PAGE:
Tuesday, October 9, 2012

Stand Up for Girls - 10/11/12

On October 11th, 2012 join us, Lit World, and thousands of others in a day to rally for the equality of females in education. Over 520 million girls and women worldwide cannot read or write and this day is to advocate for every girl's right to a quality education. We will be not only celebrating and advocating on this day in the blogoverse and twitterverse, but also in our lives sharing this atrocity with our students, colleagues and friends. Thursday, October 11th, is the International Day of the Girl and the perfect time to stand up and support girls in being fierce, fearless, and free!

This day piggy backs on PBS's documentary Half the Sky: Turning Oppression into Opportunities for Women Worldwide (based off of Nicholas Kristof and Sheryl WuDunn's novel) which calls for a world wide movement to cease oppression for women and girls worldwide. The documentary followed reporters and celebrities as they traveled around the world meeting women and girls living in some of the worst circumstances. These are the women and girls we need to stand up for.

Here at Teach Mentor Texts we are advocates of equal education for women and girls and also for equal representation of women and girls as heroes/protagonists in novels for our children. Because of this we, along with Maria Selke, were inspired to write Nerdy Book Club posts about powerful girls in children's and middle grade literature. (Our YA/teen girl power list will be upon at the Nerdy Book Club blog at the end of the month!)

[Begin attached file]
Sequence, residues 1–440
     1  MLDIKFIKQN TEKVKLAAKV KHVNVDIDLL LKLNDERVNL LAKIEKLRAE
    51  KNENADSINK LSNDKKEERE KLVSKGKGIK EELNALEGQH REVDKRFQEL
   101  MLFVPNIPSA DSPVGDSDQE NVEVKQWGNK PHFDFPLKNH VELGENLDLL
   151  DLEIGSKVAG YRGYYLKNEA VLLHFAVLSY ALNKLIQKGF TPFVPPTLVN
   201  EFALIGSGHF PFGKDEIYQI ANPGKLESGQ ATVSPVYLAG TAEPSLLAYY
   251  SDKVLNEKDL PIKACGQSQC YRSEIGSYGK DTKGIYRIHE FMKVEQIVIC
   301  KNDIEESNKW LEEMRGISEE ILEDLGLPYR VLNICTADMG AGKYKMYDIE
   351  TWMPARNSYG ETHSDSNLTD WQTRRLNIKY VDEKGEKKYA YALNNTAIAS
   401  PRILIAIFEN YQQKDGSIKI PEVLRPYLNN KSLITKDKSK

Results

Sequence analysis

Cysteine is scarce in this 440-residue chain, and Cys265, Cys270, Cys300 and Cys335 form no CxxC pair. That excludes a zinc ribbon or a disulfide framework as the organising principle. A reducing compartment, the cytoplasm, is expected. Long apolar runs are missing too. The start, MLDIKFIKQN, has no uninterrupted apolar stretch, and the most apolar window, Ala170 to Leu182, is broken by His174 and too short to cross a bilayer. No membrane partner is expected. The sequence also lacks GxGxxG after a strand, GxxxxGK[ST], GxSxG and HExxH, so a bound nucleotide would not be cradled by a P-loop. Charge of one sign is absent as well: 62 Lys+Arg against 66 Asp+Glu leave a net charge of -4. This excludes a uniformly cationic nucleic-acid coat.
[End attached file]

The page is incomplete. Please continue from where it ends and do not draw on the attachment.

You can visit the Stand Up for Girls Blog to see how others are standing up for girls and supporting this campaign. Daija Spaulding shared her story and how she will "...stand up for bookworms." She shares, "No one will ever make me feel like I am not worthy, because as far as I am concerned I am everything that I need to be right now. It took a long time for me to have that sort of security in myself, but McLean from What Happened to Goodbye shows me how." Bravo to books and especially Sarah Dessen's novels.

On Thursday, tell 10 people about this empowering campaign. Ask them to tell 10 more people. You can add the hashtag #standup4girls to your posts on Facebook and Twitter and help spread this worthy movement far and wide.

Here's how we describe a powerful girl or woman:

What words come to mind when you think of girl power?
How are you going to Stand Up for Girls this Thursday?

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